Talks & Seminars
Title: Disaster Robotics: Robotic Intervention for High-Consequence Events
Prof. Richard Voyles, Purdue University
Date & Time: January 27, 2016 16:00
Venue: F. C. Kohli Auditorium, B Block, 01st Floor, Department of Computer Science and Engineering, Kanwal Rekhi (KReSIT) Building
Robotics and Cyber-Physical Systems are ushering in a new age of engineering design with new techniques and new materials, particularly when human interaction is involved. The old way of design in which we assume decoupled, low-order, block-diagonal models is breaking down at all levels and all scales. In addition, the human element is increasingly important as an active participant in these coupled systems. In this talk, I overview a range of research directions my lab has taken over the years from search and rescue robots - artifacts that assist humans in disasters, to heterogeneous wireless control networks – infrastructure that assists programmers in distributed control, to structured computational polymers – meta-materials that assist designers with new artifacts. This talk will touch on the difficulties of locomotion and explore some of the artifacts we’ve developed to overcome them: the CRAWLER and the MOTHERSHIP – robots for extending human reach in collapsed-structure search and rescue and inspection. One at the small end of the spectrum and one at the large, these mechatronic designs share a common principle: differential drive to “conserve” mechanism. Related work on a fully-actuated Dexterous Hexrotor UAV for nuclear site inspection and physical sampling is explored. At their computational core is the RecoNode, a custom node for high performance wireless control networks. These infrastructural nodes extend our self-adaptive architecture to include both reconfigurable software and reconfigurable hardware. Based on our Port-Based Object/Real-Time OS (PBO/RT), we are developing tools for software code migration and hardware partial dynamic reconfiguration to realize an embedded virtual machine that simplifies hardware-independent distributed control design, unifying the paradigms of design to leverage human creative engineering. Finally, we are using shape deposition manufacturing techniques to produce 1-D, 2-D and 3-D polymer building blocks that incorporate sensing, actuation, cognition, and structure into convenient, specifiable smart materials. Brief mention will be made of our cognitive architecture based on fully-interconnected Synthetic Neural Networks, which implement parallel artificial neurons from polymer electronics. This talk will explore not only the technologies the lab has explored, but larger implications to higher education gleaned from nearly five years spent in Washington, DC at the National Science Foundation and the White House Office of Science and Technology Policy.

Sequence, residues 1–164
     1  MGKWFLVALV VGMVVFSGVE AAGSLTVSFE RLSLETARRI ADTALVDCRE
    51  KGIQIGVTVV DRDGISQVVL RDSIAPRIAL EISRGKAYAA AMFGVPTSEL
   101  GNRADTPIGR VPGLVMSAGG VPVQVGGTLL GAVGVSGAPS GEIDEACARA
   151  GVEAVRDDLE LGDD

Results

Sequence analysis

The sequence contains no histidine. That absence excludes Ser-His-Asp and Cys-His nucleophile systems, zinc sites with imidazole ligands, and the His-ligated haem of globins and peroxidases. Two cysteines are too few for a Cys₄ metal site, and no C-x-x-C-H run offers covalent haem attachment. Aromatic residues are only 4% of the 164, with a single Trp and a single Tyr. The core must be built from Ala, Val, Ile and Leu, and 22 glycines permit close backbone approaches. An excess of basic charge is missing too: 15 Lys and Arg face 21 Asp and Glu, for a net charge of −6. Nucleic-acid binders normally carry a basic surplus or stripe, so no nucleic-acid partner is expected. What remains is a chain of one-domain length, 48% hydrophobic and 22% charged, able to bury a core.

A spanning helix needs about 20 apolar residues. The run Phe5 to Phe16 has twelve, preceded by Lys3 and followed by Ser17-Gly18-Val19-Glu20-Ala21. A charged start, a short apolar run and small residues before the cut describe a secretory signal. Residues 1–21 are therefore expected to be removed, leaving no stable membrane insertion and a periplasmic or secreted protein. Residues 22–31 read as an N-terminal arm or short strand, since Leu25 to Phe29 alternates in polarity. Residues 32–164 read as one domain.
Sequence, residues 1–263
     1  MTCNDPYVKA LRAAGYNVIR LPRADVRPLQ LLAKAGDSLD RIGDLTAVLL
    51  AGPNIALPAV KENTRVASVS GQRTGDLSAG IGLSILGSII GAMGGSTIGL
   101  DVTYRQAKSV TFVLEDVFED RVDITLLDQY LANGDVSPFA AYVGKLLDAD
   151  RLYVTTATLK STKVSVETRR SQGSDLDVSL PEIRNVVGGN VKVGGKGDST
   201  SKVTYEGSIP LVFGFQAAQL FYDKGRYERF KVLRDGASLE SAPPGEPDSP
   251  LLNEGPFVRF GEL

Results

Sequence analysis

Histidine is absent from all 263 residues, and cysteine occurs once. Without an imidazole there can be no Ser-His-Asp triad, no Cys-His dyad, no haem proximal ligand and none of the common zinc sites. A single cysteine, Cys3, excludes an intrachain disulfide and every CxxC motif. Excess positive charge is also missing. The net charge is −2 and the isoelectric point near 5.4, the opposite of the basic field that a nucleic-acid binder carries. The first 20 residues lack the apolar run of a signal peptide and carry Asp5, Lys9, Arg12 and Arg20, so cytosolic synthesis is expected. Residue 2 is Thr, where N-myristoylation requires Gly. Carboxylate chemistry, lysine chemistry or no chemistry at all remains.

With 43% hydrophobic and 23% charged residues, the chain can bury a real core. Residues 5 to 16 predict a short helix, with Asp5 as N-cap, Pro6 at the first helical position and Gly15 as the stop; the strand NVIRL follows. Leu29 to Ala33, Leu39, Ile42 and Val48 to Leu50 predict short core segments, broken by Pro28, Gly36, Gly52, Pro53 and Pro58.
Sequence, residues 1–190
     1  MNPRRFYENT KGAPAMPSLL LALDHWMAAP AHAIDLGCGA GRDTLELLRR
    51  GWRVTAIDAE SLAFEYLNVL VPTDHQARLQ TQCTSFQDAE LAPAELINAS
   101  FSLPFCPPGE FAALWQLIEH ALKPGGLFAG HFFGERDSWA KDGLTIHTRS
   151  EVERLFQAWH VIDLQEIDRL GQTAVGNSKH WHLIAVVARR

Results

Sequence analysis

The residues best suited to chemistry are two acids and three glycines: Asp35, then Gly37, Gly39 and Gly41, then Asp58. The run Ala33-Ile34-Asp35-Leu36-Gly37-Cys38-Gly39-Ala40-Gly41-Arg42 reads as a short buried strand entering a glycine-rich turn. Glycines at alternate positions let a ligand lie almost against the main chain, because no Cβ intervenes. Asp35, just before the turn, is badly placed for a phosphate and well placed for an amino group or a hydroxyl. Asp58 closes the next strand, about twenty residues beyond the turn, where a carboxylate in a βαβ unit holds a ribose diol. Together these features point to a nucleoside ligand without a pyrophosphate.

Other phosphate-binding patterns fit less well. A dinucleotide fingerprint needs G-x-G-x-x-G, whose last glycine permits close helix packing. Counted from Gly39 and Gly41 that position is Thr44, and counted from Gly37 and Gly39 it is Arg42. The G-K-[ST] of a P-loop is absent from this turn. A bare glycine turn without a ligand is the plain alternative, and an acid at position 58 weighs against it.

Speaker Profile:
Details about the speaker available at http://web.ics.purdue.edu/~rvoyles.
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